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Concert Review by Nick Morgan
 
ARLO GUTHRIE Dingwalls (formerly known as Lock 17,
formerly known as Dingwalls), London, August 8th 2006
There are three things you should know about Arlo Guthrie. Firstly he was the other-worldly (ie. mostly on another planet at the time), pretty-looking young boy who sang ‘Coming into Los Angeles’ at the Woodstock Festival. Secondly he’s one of the few artistes I can think of to have a film made of one of his songs (‘Alice’s Restaurant’).
Thirdly, he’s the guy who proved you could rhyme ‘pickle’ with ‘motorcycle’, something which he confessed tonight that in retrospect, he regretted (“but sometimes you can’t choose the songs you write” he complained, “they choose you. I mean, why couldn’t that one have gone to Bob Dylan?”). Oh yes, and fourthly, of course, he’s the son of the revered (and much in vogue) hobo folk legend Woody Guthrie, and along with his sister is at the hub of a veritable (albeit respectful and well-meaning) Guthrie family empire. It extends into performance (the Guthrie Family Legacy tour, featuring Arlo, son Abe, daughters Sarah and Cathy), archives and recordings (managed mostly by sister Nora who’s been releasing ‘new’ Woody Guthrie lyrics from a massive archive to singers ‘round the world – including our favourite Comrade Billy Bragg) and a huge amount of charitable work. Did you know, for example, that the church that was at the heart of the story of Alice’s Restaurant was bought by Arlo, it’s now the Guthrie Center (sic), home of the Guthrie Foundation which amongst many other things raises funds for research into Huntingdon’s Disease, which killed his father (and quite possibly his grandmother)?
There’s a lot of Woody stuff in the course of the evening, but it’s nicely done, not overdone, and sits easily with the rather self-depreciating and matter-of-fact character that Guthrie (Arlo that is) casts over this quite intimate evening at Dingwalls (yes – it’s got its name back!) where the largely middle-aged, ex-hippy-turned-retired estate agent audience spend much of the evening squabbling over seats. The structure of the set is much the same as a solo show I saw in Dublin some years ago, held together by Guthrie’s apparently rambling narratives, with as many twists, turns, and byways as a ‘Green green rocky road’ which he sings about.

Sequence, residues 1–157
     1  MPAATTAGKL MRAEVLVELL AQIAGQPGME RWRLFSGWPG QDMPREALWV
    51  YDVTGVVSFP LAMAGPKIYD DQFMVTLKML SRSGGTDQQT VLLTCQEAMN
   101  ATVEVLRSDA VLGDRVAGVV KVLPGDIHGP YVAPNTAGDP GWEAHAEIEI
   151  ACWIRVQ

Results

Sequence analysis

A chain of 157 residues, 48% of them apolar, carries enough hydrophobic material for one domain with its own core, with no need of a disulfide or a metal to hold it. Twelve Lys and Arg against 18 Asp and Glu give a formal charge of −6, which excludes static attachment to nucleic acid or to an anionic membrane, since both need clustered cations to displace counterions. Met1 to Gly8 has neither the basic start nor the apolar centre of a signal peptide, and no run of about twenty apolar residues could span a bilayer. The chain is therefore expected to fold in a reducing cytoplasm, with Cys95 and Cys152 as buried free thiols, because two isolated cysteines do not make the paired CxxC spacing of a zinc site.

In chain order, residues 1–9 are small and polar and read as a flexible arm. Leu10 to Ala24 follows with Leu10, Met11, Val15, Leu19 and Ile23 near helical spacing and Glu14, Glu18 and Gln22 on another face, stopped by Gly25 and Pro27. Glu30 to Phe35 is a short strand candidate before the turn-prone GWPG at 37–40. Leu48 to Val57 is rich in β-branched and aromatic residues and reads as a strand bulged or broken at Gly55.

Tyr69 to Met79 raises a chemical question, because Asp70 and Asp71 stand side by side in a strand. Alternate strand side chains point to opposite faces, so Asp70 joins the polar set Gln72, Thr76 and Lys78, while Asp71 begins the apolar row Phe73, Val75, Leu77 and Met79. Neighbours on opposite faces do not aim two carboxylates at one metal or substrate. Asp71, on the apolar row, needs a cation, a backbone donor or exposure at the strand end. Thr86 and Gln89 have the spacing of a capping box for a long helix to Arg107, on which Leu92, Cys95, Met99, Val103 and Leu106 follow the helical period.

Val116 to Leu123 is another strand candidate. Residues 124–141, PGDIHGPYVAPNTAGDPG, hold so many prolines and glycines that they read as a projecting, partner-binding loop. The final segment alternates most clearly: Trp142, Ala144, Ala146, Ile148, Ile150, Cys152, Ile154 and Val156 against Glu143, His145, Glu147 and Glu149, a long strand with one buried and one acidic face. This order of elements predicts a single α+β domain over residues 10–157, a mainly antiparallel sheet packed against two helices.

The recurring theme of the evening is song writing - “it’s just like fishing, you have to sit down and wait for one to come along – but just make sure you’re not downstream of Bob Dylan”. The first half ends with an increasingly animated story about hash and paranoia that leads inevitably into ‘Los Angeles’, and after an instrumental warm up (Guthrie is a much better musician that he gives himself credit for) the second gets under way with those familiar chords that used to be badly played at so many early seventies parties (“Sounds like you might have heard this before – I know I have”) that herald a word-perfect ‘Alice’s Restaurant’ (“one of the things I’ve learned about song writing over the years is to keep the new songs short …”)
There are plenty of funny stories about “my daddy”. We hear a clip from some recently discovered tapes of him yarning – soon to be released on a CD as ‘Woody wires’ – and the similarities to his son’s meanderings are remarkable. There are tales about Bob Dylan and a host of other sixties folksy folks, some despairing observations on the state of things today (“Well either my daddy’s songs have aged exceptionally well or the world still sucks…”) and politics (“I never ever imagined that Nixon could ever start to look good …”). If you haven’t guessed there are lots of jokes too, and lots of laughter.
And there are a few nicely played tunes (Gordon Titcomb is excellent on pedal steel guitar and mandolin), ‘St James’ Infirmary’, ‘In times like these’, Steve Goodman’s ‘Good morning America’ and ‘In my darkest hour’. But then at the end it all got a bit like Billy Bragg meets the Woodcraft Folk round the campfire as the audience sang and rocked their heads like nodding dogs to “daddy’s” ‘This land is your land’ and ‘My peace’. Hmmmm.
Never mind. Arlo is a thoroughly charming fellow, and whilst the sticky and cloying scent of nostalgia might be hanging heavily in the air, he remains an endearing reminder of the naive but caring optimism that thought it could change the world but didn’t, but which certainly changed rock and roll for ever, and which did (and in Guthrie’s case still does) make a difference. - Nick Morgan (concert photographs by Kate)



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